When Coach meets Father Figure, by Michael “Skeet” Horton

Michael “Skeet” Horton is the founder of Hoop ‘Til It Hurts! and the Hoop ‘Til It Hurts Foundation. He is a father, coach, teacher, innovator and mentor who for over 30 years has used sport and community to change lives. Learn more about the foundation at www.HoopTilIthurtsFoundation.org.

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Having lost my own father at a young age, I understand firsthand the importance of mentoring, coaching and leadership from the adults in my life.

Like other team sports, basketball is a collaborative game that requires players to work together to achieve a specific end goal – in this case, winning the game. It takes commitment, discipline, and communication. Participation in sports is an opportunity for youth to build character and establish relationships. The importance of such traits could not be achieved without the in-depth involvement of the coach.

The role of a coach does not end when the game is over. It sometimes requires a responsibility to take on a father-like presence that positively impacts and shapes the lives of players. To be effective in that role it is imperative that a coach be a great listener and show personal interest in other aspects of the players’ lives. Yes, the common interest is the game, but a coach that embraces the father-figure distinction is prepared to have conversations about topics that do not involve sports. This leadership role embraces the player with the same vigor as a biological parent. There are times when tough love is required and there are times when hugs are necessary. With these relationship there has to be accountability and responsibility; and although the sport is intended to be fun, the responsibility of a coach goes far beyond winning a game. It is the shaping and mentoring of the youth placed in your care.

As I reflect on my role as a father-figure, I am reminded of a former player that is now a parent himself. He affectionately refers to me as “Pops”. The young man grew up without a father in the home. He had a relationship with his biological father, but the relationship was toxic. Even in the midst of tension, his father respected my relationship with his child and was happy I could provide the resources and support his son needed to be successful. While this particular father and son had a broken relationship, there were other players who had fathers that were actively involved and encouraging of their child. Even as a loving parent, these fathers recognized the additional role I could play in teaching their sons and were supportive of the relationship I shared with his child. 

Much like a father, as a coach, I was nurturing but firm. I demanded that they do their best, without making excuses. I checked on their progress at school, and depending on the circumstance, I would discipline or praise. One young man I mentored began trusting me; sharing secrets, requesting advice about his relationships, discussing school, and even talking through minor disputes with his parents. I had the responsibility to coach him on how to communicate with his parents without being disrespectful. I provided guidance that would help him to make positive choices that would impact his future.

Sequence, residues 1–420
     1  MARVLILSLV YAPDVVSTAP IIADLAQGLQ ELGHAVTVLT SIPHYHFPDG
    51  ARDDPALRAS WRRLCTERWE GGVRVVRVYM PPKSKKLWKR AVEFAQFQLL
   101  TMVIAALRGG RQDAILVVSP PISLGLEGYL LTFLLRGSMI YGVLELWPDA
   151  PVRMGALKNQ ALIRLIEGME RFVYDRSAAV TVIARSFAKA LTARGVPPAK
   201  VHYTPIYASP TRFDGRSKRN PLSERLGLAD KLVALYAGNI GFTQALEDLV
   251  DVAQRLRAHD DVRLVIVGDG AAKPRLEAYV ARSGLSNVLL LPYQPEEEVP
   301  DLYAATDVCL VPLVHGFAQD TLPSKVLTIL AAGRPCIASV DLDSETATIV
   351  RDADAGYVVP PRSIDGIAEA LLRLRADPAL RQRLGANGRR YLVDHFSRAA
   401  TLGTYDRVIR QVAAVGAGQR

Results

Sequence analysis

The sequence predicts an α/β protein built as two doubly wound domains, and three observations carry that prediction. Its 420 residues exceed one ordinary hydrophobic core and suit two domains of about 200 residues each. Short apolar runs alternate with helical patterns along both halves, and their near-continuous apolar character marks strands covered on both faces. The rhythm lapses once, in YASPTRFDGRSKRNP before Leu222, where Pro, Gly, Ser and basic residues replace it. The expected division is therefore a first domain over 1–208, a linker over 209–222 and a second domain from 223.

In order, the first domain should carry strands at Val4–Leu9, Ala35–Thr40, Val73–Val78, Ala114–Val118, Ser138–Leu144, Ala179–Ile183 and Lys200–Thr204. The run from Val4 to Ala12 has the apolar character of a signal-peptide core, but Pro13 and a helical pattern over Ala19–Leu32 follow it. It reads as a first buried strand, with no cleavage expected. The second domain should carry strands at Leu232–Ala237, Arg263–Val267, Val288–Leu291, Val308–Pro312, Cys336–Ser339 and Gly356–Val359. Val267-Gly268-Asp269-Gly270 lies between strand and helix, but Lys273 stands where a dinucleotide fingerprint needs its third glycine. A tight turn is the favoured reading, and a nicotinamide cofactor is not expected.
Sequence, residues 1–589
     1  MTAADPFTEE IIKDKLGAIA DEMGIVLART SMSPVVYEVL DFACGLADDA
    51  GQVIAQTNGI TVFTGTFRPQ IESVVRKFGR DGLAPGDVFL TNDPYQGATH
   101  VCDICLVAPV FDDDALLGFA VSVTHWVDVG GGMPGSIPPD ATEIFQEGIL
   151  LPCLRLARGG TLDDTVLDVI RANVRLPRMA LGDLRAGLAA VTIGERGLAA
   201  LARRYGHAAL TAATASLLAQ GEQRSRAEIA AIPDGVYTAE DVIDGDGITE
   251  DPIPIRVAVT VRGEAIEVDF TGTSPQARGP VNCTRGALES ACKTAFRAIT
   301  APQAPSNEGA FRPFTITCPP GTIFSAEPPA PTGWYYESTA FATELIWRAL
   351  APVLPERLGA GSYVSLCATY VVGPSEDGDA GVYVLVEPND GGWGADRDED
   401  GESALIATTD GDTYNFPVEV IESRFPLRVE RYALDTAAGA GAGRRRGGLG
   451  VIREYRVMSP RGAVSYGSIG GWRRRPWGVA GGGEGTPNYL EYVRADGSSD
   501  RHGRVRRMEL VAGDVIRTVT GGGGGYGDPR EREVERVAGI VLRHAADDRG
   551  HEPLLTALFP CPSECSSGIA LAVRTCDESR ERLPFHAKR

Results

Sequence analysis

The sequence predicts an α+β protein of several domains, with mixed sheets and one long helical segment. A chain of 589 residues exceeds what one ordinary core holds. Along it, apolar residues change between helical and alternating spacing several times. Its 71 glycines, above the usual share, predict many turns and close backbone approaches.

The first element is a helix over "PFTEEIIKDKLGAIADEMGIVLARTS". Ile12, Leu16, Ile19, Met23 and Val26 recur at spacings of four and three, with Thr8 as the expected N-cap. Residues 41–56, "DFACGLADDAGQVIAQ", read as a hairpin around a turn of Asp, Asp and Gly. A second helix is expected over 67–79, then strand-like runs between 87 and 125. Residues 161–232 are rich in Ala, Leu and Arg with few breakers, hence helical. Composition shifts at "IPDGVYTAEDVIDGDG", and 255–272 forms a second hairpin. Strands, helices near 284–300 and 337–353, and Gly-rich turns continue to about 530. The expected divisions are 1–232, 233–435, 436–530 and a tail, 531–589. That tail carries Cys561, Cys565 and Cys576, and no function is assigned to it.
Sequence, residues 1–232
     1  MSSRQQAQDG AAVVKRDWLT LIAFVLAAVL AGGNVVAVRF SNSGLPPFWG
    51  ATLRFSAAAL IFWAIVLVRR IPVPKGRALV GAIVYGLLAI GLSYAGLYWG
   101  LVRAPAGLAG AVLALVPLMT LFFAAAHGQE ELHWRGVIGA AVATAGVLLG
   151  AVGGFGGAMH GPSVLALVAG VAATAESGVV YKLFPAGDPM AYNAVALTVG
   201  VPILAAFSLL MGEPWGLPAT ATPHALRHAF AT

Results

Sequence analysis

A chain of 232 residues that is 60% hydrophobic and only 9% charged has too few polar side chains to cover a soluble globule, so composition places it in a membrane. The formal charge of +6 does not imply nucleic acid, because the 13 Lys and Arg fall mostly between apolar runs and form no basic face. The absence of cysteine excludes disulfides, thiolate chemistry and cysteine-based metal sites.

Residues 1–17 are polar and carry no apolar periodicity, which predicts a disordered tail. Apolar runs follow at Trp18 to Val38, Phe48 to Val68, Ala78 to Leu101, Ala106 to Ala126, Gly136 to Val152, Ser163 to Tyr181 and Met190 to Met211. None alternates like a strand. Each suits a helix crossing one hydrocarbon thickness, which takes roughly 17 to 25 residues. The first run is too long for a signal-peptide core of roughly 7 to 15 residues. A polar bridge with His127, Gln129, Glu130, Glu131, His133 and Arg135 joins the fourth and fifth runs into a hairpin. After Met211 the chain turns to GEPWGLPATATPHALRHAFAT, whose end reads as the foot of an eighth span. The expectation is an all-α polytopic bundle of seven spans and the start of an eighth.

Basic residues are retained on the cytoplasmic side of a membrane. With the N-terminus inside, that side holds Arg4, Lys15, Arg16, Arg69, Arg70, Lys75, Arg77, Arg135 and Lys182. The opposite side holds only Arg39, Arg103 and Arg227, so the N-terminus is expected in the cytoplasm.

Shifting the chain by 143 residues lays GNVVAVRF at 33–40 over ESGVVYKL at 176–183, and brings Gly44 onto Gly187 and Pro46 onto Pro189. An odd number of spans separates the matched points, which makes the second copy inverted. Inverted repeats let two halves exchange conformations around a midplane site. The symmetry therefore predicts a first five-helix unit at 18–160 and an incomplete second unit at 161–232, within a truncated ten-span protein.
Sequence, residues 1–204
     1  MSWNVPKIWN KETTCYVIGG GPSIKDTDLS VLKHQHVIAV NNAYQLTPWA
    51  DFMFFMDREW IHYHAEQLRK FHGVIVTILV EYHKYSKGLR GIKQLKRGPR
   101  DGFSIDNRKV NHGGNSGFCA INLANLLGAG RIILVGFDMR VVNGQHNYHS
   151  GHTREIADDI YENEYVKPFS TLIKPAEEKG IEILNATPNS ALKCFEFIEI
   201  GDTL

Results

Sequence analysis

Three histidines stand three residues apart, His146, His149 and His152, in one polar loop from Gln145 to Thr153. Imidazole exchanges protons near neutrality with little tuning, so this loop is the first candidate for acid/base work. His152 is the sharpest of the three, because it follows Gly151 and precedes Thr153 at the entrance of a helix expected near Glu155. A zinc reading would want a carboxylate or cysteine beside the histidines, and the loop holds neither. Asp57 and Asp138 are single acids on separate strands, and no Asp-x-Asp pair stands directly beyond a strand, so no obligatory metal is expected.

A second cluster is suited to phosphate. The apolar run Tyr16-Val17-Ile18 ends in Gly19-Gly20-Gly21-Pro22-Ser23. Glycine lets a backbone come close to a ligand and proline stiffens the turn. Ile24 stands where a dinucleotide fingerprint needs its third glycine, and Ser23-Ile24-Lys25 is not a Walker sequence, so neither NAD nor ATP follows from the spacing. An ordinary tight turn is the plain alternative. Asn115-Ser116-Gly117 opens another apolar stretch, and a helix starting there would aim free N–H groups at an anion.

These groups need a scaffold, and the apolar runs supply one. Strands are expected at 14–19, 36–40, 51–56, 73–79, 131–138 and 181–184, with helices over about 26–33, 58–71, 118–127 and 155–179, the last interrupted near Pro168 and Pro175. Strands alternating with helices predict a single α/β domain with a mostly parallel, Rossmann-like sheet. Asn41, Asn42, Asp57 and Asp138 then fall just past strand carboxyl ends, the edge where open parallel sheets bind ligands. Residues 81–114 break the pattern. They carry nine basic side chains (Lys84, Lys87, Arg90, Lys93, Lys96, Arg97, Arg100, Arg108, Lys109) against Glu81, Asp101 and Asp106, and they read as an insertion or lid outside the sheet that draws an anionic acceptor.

Today, that player has a son of his own. He is actively involved and through his own personal commitment, has developed a close and trusting relationship with his child. I would like to think that the examples and lessons I provided him early on have made him a better dad.  Prior to being a part of my team, there was no expectation of higher education in his future. He struggled in school because he wasn’t being held accountable or encouraged to work hard in the classroom. We were a travel team yet there were times that I would hold him out of games because of academic shortcomings. The team was not part of the school, yet I knew that to gain his attention, I needed to gently discipline when his actions fell short outside of the court. After years of support and a change in mentality, I am proud to share that he graduated from college in four years with a degree in Business. 

On Father’s Day, I am reminded of the impact I have made as a youth basketball coach – the lives I’ve touched. I receive several emails, calls and text messages from former players and parents to express their gratitude for supporting their child on and off the court. Some of the messages applaud me for being a positive example of how to raise a child. Others were from former players that grew up in loving family environments, but still saw the results of my efforts in their lives.

There is one text that sticks in my mind. A former player, now a successful adult, texted to wish me Happy Father’s Day. A moment later he texts again telling me “I forgot you have your own biological child. I was thinking of myself when I said Happy Father’s Day dad.” Yes, I do have my own child, but I consider all of my players to be members of my family.

Michael “Skeet” Horton